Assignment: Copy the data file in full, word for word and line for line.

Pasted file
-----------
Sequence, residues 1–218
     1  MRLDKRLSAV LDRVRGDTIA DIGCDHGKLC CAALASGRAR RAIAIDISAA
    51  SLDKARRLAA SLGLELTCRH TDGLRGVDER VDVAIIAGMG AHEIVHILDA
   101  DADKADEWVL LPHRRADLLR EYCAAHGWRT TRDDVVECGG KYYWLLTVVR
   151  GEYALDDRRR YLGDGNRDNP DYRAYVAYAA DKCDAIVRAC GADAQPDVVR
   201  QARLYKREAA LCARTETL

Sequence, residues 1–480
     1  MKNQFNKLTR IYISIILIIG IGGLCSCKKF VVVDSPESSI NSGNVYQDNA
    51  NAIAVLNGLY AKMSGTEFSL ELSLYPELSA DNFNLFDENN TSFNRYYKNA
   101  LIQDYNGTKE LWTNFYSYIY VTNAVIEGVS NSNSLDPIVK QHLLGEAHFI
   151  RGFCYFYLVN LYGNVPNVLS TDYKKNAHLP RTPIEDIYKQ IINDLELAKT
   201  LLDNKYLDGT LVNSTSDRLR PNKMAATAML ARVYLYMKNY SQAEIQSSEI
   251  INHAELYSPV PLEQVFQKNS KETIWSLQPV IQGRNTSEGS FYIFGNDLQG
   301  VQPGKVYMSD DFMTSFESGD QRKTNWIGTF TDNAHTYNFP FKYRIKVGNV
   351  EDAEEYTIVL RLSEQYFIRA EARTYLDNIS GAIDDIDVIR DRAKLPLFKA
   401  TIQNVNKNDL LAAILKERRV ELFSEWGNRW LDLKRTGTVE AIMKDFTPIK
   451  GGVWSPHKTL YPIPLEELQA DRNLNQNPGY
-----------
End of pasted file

Sequence, residues 1–218
     1  MRLDKRLSAV LDRVRGDTIA DIGCDHGKLC CAALASGRAR RAIAIDISAA
    51  SLDKARRLAA SLGLELTCRH TDGLRGVDER VDVAIIAGMG AHEIVHILDA
   101  DADKADEWVL LPHRRADLLR EYCAAHGWRT TRDDVVECGG KYYWLLTVVR
   151  GEYALDDRRR YLGDGNRDNP DYRAYVAYAA DKCDAIVRAC GADAQPDVVR
   201  QARLYKREAA LCARTETL

Sequence, residues 1–480
     1  MKNQFNKLTR IYISIILIIG IGGLCSCKKF VVVDSPESSI NSGNVYQDNA
    51  NAIAVLNGLY AKMSGTEFSL ELSLYPELSA DNFNLFDENN TSFNRYYKNA
   101  LIQDYNGTKE LWTNFYSYIY VTNAVIEGVS NSNSLDPIVK QHLLGEAHFI
   151  RGFCYFYLVN LYGNVPNVLS TDYKKNAHLP RTPIEDIYKQ IINDLELAKT
   201  LLDNKYLDGT LVNSTSDRLR PNKMAATAML ARVYLYMKNY SQAEIQSSEI
   251  INHAELYSPV PLEQVFQKNS KETIWSLQPV IQGRNTSEGS FYIFGNDLQG
   301  VQPGKVYMSD DFMTSFESGD QRKTNWIGTF TDNAHTYNFP FKYRIKVGNV
   351  EDAEEYTIVL RLSEQYFIRA EARTYLDNIS GAIDDIDVIR DRAKLPLFKA
   401  TIQNVNKNDL LAAILKERRV ELFSEWGNRW LDLKRTGTVE AIMKDFTPIK
   451  GGVWSPHKTL YPIPLEELQA DRNLNQNPGY